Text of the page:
Based on the existing literature as well as our empirical investigation of EI discussed above, we would like to know whether or not it is possible to design an algorithm that operates in two naturally defined phases of exploration and exploitation and achieves consistently better performance than EI. We devote the next section to answer this question and introduce our proposed algorithm.
3 Finite Horizon Bayesian Optimization
Not being able to balance the explorationexploitation, EI might have poor performance especially when the query budget is small. In this section, we propose a twophase exploration/exploitation algorithm that outperforms EI with its smart exploration and exploitation.
3.1 Exploration
Generally, a good exploration algorithm should be able to shrink the search space, so that we are left with a small region to focus on during the exploit stage. Let be the Cartesian product of intervals for some and . Suppose the unknown function (with ) is a Lipschitz function over with constant , that is for all , we have
Notice that if the function is not Lipschitz, then there is no hope that we can find the global optimum of even with infinitely countable evaluations. Thus, the Lipschitz continuity assumption is not a strong assumption. Moreover, functions with larger are harder to optimize since they change more abruptly over the space.
For any point , let be the associated radius to the point . By Lipschitz continuity assumption, we know that , where, is the set of all points inside the sphere (or circle) with radius centered at (and single point if ); otherwise, the Lipschitz assumption is violated. This means if we have a sample at point , then we do not need any more samples inside .
The expected value of satisfies . Since is a normal random variable , using Hoeffding inequality for all , we have
Replacing with , the above inequality entails that with high probability ( 99%), . Hence, a “good” algorithm for exploration should try to find that maximizes the lower bound on . This choice of will remove a large volume of points from the search space. Note, however, if is close to the boundaries of , then it might be the case that most of the volume of the sphere lies outside . Also, the sphere associated with might have significant overlap with spheres of other points that are already selected. To fix this issue, we pick the point whose sphere has the largest intersection with unexplored search space in terms of its volume. The pseudo code of this method is described in Algorithm 1, which we refer to as the Next Best exploRative Sample (NBRS) algorithm. NBRS achieves the optimal exploration in the sense that it maximizes the expected explored volume.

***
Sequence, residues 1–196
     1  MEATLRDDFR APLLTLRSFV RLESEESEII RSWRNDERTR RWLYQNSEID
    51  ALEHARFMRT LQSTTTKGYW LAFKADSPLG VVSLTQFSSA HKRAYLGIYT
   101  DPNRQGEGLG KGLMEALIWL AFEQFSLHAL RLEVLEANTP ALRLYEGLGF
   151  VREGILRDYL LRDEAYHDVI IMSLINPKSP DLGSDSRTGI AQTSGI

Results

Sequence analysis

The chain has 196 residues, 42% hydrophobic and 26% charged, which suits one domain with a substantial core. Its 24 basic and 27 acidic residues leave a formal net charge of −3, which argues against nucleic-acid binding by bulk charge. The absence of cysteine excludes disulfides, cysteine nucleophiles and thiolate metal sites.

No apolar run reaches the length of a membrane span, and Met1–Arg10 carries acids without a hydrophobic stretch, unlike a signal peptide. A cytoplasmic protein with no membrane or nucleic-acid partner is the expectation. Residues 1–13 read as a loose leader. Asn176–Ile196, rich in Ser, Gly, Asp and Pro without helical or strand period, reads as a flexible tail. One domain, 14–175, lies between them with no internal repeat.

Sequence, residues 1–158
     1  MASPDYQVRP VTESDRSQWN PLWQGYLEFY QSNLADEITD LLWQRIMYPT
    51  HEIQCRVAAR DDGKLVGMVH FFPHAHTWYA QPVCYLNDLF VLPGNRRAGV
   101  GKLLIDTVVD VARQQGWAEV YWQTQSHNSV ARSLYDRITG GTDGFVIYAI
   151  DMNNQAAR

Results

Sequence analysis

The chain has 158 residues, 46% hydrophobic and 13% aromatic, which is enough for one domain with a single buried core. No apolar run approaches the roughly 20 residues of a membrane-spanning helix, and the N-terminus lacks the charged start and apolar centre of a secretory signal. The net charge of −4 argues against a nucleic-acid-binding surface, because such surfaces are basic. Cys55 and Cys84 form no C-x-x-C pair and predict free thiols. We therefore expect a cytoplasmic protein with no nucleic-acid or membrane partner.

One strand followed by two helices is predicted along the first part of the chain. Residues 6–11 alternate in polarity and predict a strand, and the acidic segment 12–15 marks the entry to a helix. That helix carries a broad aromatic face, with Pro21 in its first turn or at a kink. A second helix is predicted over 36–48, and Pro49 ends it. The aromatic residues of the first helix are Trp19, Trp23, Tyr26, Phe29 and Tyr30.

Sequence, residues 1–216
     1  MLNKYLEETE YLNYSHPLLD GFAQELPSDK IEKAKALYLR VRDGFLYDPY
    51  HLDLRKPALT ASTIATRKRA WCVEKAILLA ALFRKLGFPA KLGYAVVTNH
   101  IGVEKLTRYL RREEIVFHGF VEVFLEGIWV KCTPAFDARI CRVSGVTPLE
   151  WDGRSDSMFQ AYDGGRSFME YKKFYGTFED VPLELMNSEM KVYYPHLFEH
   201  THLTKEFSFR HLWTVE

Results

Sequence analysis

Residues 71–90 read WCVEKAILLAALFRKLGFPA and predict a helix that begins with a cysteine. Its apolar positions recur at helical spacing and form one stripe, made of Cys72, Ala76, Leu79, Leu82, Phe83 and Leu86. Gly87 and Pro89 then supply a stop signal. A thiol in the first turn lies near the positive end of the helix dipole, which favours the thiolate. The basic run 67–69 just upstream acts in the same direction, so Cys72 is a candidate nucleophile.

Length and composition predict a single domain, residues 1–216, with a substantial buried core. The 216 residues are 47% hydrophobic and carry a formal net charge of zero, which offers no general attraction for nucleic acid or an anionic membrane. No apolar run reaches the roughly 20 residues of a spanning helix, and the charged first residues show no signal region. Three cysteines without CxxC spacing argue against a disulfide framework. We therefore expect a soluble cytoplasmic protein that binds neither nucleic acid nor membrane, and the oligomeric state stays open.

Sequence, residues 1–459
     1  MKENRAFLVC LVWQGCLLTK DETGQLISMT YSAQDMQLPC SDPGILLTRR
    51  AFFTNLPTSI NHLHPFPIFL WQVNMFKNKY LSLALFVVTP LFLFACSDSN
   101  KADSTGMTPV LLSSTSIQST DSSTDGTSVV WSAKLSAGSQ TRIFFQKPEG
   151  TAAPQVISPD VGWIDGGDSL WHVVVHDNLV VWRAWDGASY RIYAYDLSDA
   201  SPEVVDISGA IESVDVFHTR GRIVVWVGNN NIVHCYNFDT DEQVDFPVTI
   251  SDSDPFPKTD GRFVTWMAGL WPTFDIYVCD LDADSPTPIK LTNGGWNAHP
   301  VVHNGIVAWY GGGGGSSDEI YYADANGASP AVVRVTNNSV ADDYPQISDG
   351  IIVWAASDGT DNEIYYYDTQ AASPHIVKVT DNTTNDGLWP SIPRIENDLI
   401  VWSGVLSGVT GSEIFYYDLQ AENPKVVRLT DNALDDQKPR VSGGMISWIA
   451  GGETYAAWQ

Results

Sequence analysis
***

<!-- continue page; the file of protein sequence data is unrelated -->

The value of might be negative, especially for large values of . This artifact happens at points that are “far” from previously observed samples. To prevent/minimize this, we need to make sure that the observed samples affect the mean and variance of all points in the space. For example, if we use the Gaussian kernel for exploration, then we need to choose large enough to make sure each observed sample affects all the points in the space, e.g., . If we pick small , then the exploration algorithm starts exploring around the previous samples and extend the explored area gradually to reach to the other side of the search space. This strategy is not optimal if we have limited samples for exploration.
To implement NBRS, we need to maximize the volume
where represents the current unexplored input space. To evaluate , we take a large number of points inside the sphere uniformly at random. Then, for each point, we check if it crosses the borders or falls into the spheres of previously observed samples. If not, we count that point as a newly explored point. Finally, if there are newly explored points, then we set .